In answering this letter, please state if there would be any safety for my Milly and Jane, who are now grown up, and both good-looking girls. You know how it was with poor Matilda and Catherine. I would rather stay here and starve – and die, if it come to that – than have my girls brought to shame by the violence and wickedness of their young masters. You will also please state if there has been any schools opened for the colored children in your neighborhood. The great desire of my life now is to give my children an education, and have them form virtuous habits.

Say howdy to George Carter, and thank him for taking the pistol from you when you were shooting at me.

From your old servant,

Jourdon Anderson.

There are some bitterly funny moments in there, including the bit where Jourdan inquired about the wages he and his wife were due; the sums he named here were well beyond the reach of his former master, and there’s a sense that this is obviously well known to all. Thanking George Carter for taking away the pistol at a critical moment is finely wrought sarcasm.

For many years, people thought this letter could potentially be fraudulent or exaggerated, created to support the abolitionist movement.  Then as now,  humor has a powerful role in shaping public opinion about political issues.  (Back then? Newspapers mattered.  Today, we’ve got Jon Stewart and Stephen Colbert, among others, filling this role.)

Armed with this knowledge, the letter becomes a little less funny – one still laughs, but there’s a sense of being manipulated which just doesn’t work as well as it might. That’s why I’m thrilled to report that researchers have found the letter to be genuine.  We don’t have to make this stuff up.  Life really is funny.  Seek, and ye shall find.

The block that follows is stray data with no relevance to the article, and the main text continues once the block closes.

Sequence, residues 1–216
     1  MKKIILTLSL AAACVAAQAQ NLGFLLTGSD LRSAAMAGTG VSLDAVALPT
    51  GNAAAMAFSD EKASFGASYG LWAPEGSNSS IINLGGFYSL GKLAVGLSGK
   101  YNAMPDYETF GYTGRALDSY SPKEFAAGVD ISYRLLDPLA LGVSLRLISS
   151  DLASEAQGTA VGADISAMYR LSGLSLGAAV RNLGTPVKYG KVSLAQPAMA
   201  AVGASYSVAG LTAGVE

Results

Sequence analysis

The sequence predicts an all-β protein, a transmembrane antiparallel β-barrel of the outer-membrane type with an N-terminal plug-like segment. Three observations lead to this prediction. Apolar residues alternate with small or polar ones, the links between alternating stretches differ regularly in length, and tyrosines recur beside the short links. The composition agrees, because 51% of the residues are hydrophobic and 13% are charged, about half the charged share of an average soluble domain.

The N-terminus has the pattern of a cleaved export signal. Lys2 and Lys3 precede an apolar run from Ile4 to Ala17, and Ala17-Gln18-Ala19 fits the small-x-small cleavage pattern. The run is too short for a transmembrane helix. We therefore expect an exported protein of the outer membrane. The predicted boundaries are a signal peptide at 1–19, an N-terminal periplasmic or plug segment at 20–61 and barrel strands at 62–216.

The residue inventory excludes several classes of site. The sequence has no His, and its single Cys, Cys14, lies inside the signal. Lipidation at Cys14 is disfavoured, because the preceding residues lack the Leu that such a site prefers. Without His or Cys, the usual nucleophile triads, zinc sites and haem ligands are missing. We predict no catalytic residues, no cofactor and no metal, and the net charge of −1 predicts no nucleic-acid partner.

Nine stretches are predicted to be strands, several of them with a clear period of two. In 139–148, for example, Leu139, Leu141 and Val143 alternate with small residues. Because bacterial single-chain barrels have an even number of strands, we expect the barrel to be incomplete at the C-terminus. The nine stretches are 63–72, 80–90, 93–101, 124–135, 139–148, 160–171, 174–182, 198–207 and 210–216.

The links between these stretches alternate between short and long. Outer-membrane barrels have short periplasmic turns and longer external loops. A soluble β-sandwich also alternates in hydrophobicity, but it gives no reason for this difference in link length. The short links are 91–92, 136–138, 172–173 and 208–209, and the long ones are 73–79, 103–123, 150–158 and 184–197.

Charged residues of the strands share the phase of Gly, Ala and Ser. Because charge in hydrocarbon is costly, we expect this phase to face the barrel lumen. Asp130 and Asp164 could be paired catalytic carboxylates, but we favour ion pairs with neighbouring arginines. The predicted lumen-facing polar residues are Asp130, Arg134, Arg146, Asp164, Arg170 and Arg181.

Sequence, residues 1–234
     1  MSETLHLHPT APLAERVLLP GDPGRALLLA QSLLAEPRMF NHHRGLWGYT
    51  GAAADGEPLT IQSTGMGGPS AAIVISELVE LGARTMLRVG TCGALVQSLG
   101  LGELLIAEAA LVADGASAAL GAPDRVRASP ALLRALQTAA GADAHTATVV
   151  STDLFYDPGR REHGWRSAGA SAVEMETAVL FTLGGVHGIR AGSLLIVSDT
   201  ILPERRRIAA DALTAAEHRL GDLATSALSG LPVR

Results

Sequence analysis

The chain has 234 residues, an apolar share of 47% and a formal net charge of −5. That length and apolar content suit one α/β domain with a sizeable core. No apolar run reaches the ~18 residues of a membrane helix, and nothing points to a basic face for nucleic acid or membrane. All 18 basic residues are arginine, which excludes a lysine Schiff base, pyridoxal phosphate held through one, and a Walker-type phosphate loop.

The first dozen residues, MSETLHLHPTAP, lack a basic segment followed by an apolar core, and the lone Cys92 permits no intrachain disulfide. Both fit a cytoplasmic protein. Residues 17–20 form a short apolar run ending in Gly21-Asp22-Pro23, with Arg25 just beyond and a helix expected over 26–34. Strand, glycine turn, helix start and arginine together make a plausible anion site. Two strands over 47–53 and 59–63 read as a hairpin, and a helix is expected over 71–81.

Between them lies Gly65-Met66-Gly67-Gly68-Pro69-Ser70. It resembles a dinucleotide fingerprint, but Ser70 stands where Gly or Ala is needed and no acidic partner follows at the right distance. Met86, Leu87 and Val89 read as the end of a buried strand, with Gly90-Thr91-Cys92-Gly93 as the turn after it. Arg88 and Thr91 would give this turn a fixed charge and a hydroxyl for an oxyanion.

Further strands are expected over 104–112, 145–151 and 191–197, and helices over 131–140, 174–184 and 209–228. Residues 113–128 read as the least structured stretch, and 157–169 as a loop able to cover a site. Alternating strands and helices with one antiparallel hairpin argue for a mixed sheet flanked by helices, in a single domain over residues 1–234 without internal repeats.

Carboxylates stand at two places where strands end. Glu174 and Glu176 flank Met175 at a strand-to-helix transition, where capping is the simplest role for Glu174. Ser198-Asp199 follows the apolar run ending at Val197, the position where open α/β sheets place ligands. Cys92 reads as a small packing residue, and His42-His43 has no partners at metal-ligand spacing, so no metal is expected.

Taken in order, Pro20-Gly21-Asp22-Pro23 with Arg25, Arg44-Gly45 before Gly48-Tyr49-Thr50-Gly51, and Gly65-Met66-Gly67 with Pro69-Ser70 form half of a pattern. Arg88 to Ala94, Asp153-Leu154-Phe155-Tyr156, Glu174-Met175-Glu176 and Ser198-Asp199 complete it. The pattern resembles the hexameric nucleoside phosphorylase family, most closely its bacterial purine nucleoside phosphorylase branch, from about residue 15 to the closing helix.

What are your favorite funny moments from history? This week, I’ll be sharing some of my favorite stories – and I’d love to hear yours!

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What’s So Funny About Lyme Disease: Humor and Healing

Do you know what really ticks me off? When people don’t take Lyme Disease seriously.  This condition – which can be truly devastating – is often ignored or dismissed as even a possibility until the symptoms become debilitating. By that point, treatment is difficult and expensive – and often, not covered by insurance.

As a nurse, humorist, and professional speaker, I was really glad to see this story in the Santa Cruz Sentinel about Carol Fox – also a nurse – who has devoted her life to teaching people about Lyme Disease. Carol uses two powerful tools – humor and art – to present the facts about Lyme Disease to her community.

This is an effective approach for a number of reasons. People are overwhelmed by information today. We’re all wired up, connected to our smartphones and tablet computers every minute of the day. You can’t avoid being inundated by health attention. There are messages about blood pressure and cholesterol and blood sugar control and the need to exercise and no fat, no salt, no flavor diets – that’s all before the warnings about public health concerns like disease-carrying ticks lingering in the high grass.  It’s not that people don’t want to pay attention to everything, it’s that they can’t.

Humor cuts through the noise and overwhelm with a powerful clarity.  We pay attention to what makes us laugh, and that’s for one simple reason: humor makes us feel good.  Psychoneuroimmunologists are scientists who research the connection between our emotional state and our physical well-being, and it turns out that they’ve discovered some pretty concrete connections between a positive frame of mind and our overall health.  That’s why we’re predisposed to be aware of situations that are potentially humorous.